New device warns workers of high levels of airborne metals in minutes rather than weeks

May 31, 2012
New device warns workers of high levels of airborne metals in minutes rather than weeks
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Scientists are reporting development of a new paper-based device that can warn workers that they are being exposed to potentially unhealthy levels of airborne metals almost immediately, instead of the weeks required with current technology. The report on the device, which costs about one cent to make and could prevent illness in the millions of people who work with metal, appears in ACS’ journal Analytical Chemistry.

Charles Henry and colleagues explain that worldwide, job-related respiratory illnesses are associated with about 425,000 deaths each year. are a major cause of these respiratory conditions. Millions of workers handle metals on a regular basis in construction, manufacturing and transportation jobs, and small bits of these metals can get into the air as a fine mist, which workers can inhale. Airborne exposure is linked to lung and liver cancers, respiratory conditions (asthma, emphysema and bronchitis) and immune disorders. Despite the seriousness of this issue, people have used the same metal-monitoring method for the past 25 years. The current method is expensive, and the analysis takes weeks. To overcome these challenges, the researchers developed an inexpensive device made of paper that reports results at levels relevant to human health almost immediately. This gives workers a chance to leave a potentially dangerous area before it is too late.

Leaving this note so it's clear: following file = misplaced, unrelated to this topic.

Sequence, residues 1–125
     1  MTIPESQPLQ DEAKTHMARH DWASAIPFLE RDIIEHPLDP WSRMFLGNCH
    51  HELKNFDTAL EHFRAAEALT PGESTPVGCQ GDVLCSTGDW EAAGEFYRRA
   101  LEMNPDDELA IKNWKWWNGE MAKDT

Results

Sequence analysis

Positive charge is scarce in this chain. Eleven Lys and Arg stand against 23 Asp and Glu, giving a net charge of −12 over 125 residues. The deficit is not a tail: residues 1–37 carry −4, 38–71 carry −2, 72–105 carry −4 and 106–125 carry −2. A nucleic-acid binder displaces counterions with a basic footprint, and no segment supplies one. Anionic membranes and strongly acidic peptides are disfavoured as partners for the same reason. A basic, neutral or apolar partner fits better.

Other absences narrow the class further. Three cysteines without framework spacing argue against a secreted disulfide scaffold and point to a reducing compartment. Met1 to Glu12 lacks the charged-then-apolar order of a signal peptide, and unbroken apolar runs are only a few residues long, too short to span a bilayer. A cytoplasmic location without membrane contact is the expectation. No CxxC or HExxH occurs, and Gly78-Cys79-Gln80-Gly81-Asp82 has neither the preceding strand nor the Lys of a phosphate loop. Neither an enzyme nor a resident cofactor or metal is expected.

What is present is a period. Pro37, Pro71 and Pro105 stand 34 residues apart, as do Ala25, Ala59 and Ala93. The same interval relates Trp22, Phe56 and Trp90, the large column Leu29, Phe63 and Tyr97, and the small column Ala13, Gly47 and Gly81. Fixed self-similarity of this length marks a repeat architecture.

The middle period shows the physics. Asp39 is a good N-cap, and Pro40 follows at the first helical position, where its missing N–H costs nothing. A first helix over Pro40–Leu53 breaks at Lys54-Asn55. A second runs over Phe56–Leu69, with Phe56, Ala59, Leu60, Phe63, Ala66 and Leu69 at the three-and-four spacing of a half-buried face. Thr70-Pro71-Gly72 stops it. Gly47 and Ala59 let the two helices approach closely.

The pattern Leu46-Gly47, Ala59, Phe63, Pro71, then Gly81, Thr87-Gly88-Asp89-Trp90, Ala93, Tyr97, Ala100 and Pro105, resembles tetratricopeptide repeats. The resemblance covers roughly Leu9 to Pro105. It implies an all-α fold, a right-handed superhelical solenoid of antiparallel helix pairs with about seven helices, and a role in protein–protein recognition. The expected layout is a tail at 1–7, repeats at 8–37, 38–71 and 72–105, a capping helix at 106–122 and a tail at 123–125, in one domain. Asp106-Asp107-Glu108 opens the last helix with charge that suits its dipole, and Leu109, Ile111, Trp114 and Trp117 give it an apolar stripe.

The researchers obtain air samples on a small disc of paper, then put this disc onto the center of the paper-based device, called a μPAD, or micro-PAD. Water is dripped onto the disc, and the metals in the sample are wicked onto the μPAD, where they come into contact with various chemicals already impregnated into the paper. These substances react with the metals and turn different colors, depending on which metals are present. The accurately determined the amounts of iron, nickel and copper in the air in laboratory tests.

Explore further: Researchers create low-cost, effective method for measuring exposure to toxic metals

More information: Microfluidic Paper-Based Analytical Device for Particulate Metals, Anal. Chem., 2012, 84 (10), pp 4474–4480. DOI:10.1021/ac300309c

A microfluidic paper-based analytical device (μPAD) fabricated by wax printing was designed to assess occupational exposure to metal-containing aerosols. This method employs rapid digestion of particulate metals using microliters of acid added directly to a punch taken from an air sampling filter. Punches were then placed on a μPAD, and digested metals were transported to detection reservoirs upon addition of water. These reservoirs contained reagents for colorimetric detection of Fe, Cu, and Ni. Dried buffer components were used to set the optimal pH in each detection reservoir, while precomplexation agents were deposited in the channels between the sample and detection zones to minimize interferences from competing metals. Metal concentrations were quantified from color intensity images using a scanner in conjunction with image processing software. Reproducible, log–linear calibration curves were generated for each metal, with method detection limits ranging from 1.0 to 1.5 μg for each metal (i.e., total mass present on the μPAD). Finally, a standard incineration ash sample was aerosolized, collected on filters, and analyzed for the three metals of interest. Analysis of this collected aerosol sample using a μPAD showed good correlation with known amounts of the metals present in the sample. This technology can provide rapid assessment of particulate metal concentrations at or below current regulatory limits and at dramatically reduced cost.

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